FDA sends warning letters to compounding pharmacies over hormone therapy drugs

WASHINGTON The Food and Drug Administration announced that it has sent warning letters to seven pharmacy operations, stating claims they make about the safety and effectiveness of their so-called “bio-identical hormone replacement therapy” products are unsupported by medical evidence, and are considered false and misleading by the agency, according to published reports and the agency’s own Web site.

The pharmacy operations improperly claim that their compounded drugs, which contain hormones such as estrogen, progesterone and estriol—which has not been proven safe and effective for any use by the FDA—are superior to FDA-approved menopausal hormone therapy drugs and prevent or treat serious diseases, including Alzheimer’s disease, stroke and various forms of cancer.

“We want to assure that Americans receive accurate information about the risks and benefits of drug therapies,” said Janet Woodcock, chief medical officer and acting director of the FDA Center for Drug Evaluation and Research.In addition to today’s regulatory action, the FDA is publishing an informational article for women on its consumer health information web page that provides the facts to make informed decisions about these unapproved therapies. Women taking these drugs should discuss with their health care providers the drugs’ risks and whether they’re getting effective treatment.” 

FDA is concerned that the claims for safety, effectiveness and superiority that these pharmacy operations are making mislead patients, as well as doctors and other health care professionals. Compounded drugs are not reviewed by the FDA for safety and effectiveness. The warning letters state that the pharmacy operations violate federal law by making false and misleading claims about their hormone therapy drugs.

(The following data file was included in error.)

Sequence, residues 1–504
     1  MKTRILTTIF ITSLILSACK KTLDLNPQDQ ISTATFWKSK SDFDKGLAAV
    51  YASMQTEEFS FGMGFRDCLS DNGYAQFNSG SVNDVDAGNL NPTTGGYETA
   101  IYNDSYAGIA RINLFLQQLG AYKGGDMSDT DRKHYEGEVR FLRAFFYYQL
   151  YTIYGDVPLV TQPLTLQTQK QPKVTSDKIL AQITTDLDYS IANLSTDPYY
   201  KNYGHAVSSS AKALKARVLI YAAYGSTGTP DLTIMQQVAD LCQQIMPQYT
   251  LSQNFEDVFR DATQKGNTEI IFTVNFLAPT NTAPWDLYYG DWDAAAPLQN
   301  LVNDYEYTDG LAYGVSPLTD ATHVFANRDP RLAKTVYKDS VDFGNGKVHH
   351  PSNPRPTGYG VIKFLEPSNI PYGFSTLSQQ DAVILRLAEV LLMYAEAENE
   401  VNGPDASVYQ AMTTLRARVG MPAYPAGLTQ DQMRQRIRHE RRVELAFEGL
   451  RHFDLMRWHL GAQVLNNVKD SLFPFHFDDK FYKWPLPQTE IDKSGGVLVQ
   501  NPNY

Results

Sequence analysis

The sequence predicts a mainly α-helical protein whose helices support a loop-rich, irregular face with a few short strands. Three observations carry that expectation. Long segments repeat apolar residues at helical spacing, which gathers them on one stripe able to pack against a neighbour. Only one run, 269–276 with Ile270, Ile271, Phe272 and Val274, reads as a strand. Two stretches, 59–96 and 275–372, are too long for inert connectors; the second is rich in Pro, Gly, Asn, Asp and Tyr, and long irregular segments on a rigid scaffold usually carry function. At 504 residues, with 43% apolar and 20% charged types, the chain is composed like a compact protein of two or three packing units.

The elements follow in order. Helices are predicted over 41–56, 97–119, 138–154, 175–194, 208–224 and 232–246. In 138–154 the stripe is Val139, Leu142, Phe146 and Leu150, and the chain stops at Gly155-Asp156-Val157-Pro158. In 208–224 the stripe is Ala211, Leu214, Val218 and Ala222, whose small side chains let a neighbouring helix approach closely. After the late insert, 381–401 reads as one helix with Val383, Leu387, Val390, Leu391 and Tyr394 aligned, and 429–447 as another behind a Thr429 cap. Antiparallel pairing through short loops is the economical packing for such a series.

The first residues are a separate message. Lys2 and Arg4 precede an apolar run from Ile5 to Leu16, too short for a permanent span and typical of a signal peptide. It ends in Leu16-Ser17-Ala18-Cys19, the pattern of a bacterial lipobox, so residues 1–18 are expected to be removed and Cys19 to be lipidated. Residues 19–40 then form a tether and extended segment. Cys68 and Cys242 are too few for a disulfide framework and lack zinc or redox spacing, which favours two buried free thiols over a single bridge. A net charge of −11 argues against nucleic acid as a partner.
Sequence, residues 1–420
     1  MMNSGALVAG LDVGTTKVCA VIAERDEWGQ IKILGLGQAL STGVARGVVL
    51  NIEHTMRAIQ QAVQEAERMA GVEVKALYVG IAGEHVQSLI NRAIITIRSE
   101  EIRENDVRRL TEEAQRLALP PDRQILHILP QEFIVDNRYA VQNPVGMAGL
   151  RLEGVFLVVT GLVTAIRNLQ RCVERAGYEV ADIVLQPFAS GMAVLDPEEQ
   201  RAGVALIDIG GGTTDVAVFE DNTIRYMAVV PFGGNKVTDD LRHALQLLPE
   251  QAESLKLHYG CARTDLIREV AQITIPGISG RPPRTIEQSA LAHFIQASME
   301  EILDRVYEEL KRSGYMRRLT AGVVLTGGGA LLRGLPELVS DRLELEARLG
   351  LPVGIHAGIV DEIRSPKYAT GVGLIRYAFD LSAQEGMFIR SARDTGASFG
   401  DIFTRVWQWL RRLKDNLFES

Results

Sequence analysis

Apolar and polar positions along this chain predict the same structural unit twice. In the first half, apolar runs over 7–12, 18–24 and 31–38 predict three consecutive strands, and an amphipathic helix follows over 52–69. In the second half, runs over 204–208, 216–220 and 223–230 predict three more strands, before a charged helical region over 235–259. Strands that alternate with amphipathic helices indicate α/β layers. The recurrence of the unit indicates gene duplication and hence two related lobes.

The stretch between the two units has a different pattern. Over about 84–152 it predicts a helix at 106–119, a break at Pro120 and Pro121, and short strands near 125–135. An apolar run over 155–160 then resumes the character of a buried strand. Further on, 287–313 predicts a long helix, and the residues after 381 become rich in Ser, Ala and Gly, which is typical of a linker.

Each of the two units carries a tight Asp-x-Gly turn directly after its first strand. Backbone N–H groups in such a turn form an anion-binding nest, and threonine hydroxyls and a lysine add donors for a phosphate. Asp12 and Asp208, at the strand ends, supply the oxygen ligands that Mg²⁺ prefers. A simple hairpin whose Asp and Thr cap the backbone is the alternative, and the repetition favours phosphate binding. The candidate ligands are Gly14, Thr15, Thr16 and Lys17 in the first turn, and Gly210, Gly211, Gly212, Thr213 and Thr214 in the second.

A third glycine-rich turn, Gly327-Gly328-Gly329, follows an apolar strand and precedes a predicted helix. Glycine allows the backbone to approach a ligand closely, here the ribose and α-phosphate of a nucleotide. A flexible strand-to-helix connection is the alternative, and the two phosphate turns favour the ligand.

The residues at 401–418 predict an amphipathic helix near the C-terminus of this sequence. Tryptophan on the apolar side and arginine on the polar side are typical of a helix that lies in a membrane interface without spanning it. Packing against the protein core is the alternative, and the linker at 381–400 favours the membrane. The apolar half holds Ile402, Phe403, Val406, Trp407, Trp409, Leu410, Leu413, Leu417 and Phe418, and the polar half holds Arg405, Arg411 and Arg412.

“We certainly hope other pharmacies will take heed,” Deborah Autor, director of the FDA drug center’s Office of Compliance, told the Wall Street Journal. The FDA noted that its action does not target pharmacists who practice traditional pharmacy compounding and who do not make false or misleading claims about compounded products.

Traditional pharmacy compounding typically involves preparation of a drug for an individual patient by a pharmacist in response to a valid prescription from a licensed practitioner. This compounding follows a practitioner’s decision that his or her patient has a special medical need that cannot be met by FDA-approved drugs. The FDA has posted its current view on human drug compounding online at www.fda.gov/cder/pharmcomp/default.htm.

Phillip Pylant, owner of one of the seven pharmacies, Village Compounding Pharmacy in Houston, told the Journal his pharmacy goes by “the highest standards” and follows “all the rules we’re supposed to follow.” Elaine Blieden, a pharmacist at Panorama Compounding Pharmacy in Lake Balboa, Calif., said the pharmacy was taking the FDA’s letter “very seriously.”

FDA also responded Thursday to a citizen petition from Wyeth—which reported $791 million in revenue from its hormone products for the first nine months of 2007—asking the agency to take regulatory action against compounding pharmacy operations that produce compounded BHRT drugs. Other stakeholders, including health care providers and consumer groups, have also raised concerns about BHRT drugs.

Wyeth spokesman Doug Petkus said the company supports the FDA’s action against the pharmacies. He added that Wyeth was “pleased” with the FDA’s formal response to its petition, the Journal reported.

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